Cafe Barraquito
Cafe Barraquito. Image: Shutterstock/Kuba Puchajda

Black and White: A Refreshing Valencian Treat

In the Valencian Community, beating the summer heat with a refreshing coffee-based treat is a must. ‘Black and White’ fits the bill perfectly. This coffee is a combination of granizado de café or slushy coffee with a scoop of ice cream, traditionally made with cream but now available in other flavours like vanilla, nougat, or meringue milk, on top!

Catalán: A Sweet Barcelona Delight

Directly from the vibrant city of Barcelona, Catalán coffee stands out for its sweet touch. The espresso used is usually mixed with syrup made from water, sugar, cinnamon, and candied lemon slices. To add a unique flavour, a splash of Catalan cream liqueur is incorporated into the mixture. Some versions even simulate the layer of burnt sugar found in the famous Catalan dessert, creating a truly indulgent coffee experience.

Resolí: Cuenca’s Energizing Coffee Liqueur

Hailing from the province of Cuenca, Resolí is an energizing coffee liqueur known for its potent combination of aguardiente, brandy, sugar, dried orange peel, cinnamon, and coffee. Often consumed as a digestive after meals, it’s particularly popular during festive seasons like Easter and Christmas. However, its potency demands responsible consumption.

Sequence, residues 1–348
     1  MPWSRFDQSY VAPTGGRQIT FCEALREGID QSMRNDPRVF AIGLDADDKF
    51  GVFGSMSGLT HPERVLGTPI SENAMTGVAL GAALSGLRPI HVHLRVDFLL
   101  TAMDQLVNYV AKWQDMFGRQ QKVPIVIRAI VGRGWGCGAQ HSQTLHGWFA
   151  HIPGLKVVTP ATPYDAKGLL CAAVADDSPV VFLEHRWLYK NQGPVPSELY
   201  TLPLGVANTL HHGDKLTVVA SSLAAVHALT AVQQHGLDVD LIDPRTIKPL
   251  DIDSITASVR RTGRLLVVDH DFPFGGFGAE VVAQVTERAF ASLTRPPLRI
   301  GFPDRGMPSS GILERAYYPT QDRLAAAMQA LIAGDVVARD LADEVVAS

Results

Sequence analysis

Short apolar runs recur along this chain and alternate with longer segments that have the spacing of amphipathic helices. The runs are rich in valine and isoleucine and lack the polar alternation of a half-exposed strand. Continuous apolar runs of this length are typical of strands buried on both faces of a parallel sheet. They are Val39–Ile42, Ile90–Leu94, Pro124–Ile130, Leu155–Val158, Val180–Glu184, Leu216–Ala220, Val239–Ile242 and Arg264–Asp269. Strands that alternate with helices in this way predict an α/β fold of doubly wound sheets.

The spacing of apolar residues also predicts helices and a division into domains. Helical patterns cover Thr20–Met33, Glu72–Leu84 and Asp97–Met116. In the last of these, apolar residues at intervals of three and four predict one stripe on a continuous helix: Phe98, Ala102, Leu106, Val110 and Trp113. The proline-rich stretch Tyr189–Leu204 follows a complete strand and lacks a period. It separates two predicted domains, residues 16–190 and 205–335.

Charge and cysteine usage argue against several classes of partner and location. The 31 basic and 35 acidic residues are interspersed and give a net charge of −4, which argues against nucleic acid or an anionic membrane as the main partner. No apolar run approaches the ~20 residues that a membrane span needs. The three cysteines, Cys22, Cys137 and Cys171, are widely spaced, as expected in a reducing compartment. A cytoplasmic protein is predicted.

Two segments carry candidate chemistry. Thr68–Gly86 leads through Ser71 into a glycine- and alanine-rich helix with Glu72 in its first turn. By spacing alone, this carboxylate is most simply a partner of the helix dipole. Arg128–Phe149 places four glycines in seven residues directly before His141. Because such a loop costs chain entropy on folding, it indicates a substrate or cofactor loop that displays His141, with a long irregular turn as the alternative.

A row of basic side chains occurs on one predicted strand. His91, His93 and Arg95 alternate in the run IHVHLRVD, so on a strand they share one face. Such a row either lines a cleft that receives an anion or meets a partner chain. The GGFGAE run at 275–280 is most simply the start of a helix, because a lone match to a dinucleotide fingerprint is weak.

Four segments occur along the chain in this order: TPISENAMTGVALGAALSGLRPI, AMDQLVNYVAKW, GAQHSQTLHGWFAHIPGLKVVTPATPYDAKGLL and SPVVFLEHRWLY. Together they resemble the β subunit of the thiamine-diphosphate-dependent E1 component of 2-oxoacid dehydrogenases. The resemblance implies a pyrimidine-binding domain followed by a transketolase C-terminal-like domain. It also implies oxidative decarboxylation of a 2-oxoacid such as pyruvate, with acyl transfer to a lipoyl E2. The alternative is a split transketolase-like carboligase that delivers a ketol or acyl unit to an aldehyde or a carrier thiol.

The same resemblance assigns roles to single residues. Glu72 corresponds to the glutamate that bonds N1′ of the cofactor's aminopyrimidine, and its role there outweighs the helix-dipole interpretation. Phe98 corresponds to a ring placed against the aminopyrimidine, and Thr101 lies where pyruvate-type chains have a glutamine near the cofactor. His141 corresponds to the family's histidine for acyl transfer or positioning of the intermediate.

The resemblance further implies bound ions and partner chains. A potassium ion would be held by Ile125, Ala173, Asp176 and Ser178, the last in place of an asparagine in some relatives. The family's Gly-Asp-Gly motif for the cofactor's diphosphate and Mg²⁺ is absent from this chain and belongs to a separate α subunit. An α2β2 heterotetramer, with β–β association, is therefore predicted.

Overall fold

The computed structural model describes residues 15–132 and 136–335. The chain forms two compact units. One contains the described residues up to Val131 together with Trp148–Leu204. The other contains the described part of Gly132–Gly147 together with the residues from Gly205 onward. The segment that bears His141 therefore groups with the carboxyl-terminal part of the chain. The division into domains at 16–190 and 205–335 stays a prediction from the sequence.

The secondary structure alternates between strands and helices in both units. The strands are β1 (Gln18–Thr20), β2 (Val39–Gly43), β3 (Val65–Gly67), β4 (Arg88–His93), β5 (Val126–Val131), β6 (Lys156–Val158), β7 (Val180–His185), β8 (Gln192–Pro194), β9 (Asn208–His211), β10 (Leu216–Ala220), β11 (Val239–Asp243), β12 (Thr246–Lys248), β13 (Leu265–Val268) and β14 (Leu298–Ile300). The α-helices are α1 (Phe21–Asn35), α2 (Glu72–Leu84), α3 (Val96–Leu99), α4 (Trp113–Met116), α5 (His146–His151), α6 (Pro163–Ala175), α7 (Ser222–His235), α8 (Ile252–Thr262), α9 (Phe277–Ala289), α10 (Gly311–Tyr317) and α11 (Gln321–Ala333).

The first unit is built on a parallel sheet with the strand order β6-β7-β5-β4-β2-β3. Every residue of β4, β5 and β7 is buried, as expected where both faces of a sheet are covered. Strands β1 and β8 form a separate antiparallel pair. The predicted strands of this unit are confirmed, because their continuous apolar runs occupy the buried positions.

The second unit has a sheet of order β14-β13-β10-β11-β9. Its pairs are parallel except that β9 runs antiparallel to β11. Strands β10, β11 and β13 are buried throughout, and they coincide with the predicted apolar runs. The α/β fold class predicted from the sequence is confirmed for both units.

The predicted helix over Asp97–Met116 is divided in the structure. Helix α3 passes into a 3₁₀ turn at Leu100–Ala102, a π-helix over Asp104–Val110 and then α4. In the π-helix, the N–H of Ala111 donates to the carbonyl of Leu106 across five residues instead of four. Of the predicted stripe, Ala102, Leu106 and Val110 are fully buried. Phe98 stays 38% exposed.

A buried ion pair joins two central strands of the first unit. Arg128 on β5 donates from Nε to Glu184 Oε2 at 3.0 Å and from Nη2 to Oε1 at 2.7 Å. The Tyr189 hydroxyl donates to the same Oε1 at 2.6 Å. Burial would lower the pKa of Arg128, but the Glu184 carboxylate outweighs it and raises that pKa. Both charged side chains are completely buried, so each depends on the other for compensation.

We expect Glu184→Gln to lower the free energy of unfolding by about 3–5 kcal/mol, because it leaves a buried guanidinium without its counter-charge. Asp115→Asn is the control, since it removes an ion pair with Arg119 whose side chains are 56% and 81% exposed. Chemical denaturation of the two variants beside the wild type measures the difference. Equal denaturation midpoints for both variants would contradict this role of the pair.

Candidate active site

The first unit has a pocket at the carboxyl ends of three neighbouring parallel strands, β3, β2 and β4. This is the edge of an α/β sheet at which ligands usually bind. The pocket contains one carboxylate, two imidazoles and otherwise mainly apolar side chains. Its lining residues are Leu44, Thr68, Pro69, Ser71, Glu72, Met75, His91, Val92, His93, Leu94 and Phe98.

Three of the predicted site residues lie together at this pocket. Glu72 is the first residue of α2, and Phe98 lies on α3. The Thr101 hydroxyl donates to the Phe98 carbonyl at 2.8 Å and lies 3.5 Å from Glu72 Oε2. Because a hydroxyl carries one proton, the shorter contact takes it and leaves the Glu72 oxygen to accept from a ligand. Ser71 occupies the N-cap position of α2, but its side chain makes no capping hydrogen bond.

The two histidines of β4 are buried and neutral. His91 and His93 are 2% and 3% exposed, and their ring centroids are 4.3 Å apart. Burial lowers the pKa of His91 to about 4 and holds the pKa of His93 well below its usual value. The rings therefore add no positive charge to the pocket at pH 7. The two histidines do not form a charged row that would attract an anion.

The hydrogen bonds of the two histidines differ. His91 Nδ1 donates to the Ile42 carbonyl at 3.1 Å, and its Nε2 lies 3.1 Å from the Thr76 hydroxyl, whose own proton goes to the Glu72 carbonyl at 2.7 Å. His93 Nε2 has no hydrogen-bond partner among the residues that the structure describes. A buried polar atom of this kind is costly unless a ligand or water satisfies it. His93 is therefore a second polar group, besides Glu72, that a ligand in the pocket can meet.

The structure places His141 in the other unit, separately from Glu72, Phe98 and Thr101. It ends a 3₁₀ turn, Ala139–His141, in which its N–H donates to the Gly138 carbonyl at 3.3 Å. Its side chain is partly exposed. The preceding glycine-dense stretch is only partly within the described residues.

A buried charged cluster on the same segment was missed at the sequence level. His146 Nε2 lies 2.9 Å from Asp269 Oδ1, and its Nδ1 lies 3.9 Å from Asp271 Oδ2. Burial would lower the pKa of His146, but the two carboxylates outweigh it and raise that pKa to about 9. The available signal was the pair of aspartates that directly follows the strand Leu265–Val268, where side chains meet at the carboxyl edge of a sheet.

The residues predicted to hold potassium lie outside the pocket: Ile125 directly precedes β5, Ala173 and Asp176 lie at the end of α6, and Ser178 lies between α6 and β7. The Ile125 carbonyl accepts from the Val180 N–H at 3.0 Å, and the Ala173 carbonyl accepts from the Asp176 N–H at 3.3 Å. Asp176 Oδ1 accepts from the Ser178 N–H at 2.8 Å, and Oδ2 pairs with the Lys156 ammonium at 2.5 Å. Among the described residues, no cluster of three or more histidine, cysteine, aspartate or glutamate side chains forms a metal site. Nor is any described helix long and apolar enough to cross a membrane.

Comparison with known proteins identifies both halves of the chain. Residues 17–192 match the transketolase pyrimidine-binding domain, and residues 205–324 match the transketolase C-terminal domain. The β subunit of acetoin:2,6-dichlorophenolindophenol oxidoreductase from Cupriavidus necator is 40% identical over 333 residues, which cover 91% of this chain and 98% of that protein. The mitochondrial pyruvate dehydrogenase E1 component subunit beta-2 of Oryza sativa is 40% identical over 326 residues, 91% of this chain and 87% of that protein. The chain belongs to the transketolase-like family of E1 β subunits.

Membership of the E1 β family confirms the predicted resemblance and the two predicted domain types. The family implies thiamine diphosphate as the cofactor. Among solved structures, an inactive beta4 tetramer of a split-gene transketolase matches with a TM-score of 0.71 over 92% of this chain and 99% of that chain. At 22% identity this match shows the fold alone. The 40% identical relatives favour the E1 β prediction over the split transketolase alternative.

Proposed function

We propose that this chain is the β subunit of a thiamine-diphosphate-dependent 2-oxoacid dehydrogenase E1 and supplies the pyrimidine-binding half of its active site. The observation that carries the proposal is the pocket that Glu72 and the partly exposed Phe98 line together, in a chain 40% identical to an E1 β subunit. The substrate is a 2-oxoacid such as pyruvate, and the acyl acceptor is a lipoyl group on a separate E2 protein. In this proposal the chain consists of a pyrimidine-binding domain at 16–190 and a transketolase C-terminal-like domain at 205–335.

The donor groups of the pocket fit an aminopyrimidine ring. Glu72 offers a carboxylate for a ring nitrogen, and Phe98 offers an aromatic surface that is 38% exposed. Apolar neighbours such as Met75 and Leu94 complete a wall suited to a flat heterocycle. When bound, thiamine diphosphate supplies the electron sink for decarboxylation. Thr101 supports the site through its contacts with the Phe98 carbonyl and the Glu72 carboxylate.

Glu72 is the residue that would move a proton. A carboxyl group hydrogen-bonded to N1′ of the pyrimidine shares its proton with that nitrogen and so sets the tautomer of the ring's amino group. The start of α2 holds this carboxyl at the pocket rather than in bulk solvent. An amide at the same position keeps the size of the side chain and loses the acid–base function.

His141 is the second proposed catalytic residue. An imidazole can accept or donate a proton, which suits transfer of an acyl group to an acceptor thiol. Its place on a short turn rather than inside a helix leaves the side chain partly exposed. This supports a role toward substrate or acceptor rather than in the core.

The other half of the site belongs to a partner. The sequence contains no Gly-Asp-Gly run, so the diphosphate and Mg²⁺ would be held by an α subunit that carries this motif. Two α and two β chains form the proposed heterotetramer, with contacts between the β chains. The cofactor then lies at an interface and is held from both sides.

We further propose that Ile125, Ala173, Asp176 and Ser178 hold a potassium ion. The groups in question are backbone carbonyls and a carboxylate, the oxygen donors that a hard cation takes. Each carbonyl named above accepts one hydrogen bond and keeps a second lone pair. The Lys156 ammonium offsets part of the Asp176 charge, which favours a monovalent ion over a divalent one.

Rebentó: Mallorca’s Rum-Infused Carajillo

On the beautiful island of Mallorca, you can find Rebentó, a delightful variation of the traditional Spanish Carajillo. In this version, local rum is used to create a warming and intense flavour. The rum is first heated with coffee beans and lemon peel before freshly brewed coffee is added. The result is a coffee brimming with rich flavours and energizing properties, perfect for a warm island afternoon.

This love for coffee has given rise to a diverse range of regional coffee specialties that can be enjoyed throughout Spain. Image: Shutterstock/futuristman

The Love for Coffee Across Spain

Statistics show that a significant portion of the Spanish population, 87% of those aged between 18 and 64, consume coffee regularly, with 70% enjoying it almost every day. The average Spaniard drinks around 2.2 cups of coffee daily, usually at home and during breakfast. This love for coffee has given rise to a diverse range of regional coffee specialties that can be enjoyed throughout Spain.

From the iconic Café Asiático in Cartagena to the refreshing Black and White in Valencia and the energizing Resolí in Cuenca, each region has its own unique coffee to offer. So, the next time you find yourself in one of these Spanish locales, make sure to indulge in their unique coffee culture and savour the rich flavours that make each region’s coffee experience truly exceptional.

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Written by

Catherine McGeer

I am an Irish writer who has been living in Spain for the past twenty years. My writing centers around the Costa Cálida. As a mother I also write about family life on the coast of Spain and every now and then I try to break down the world of Spanish politics!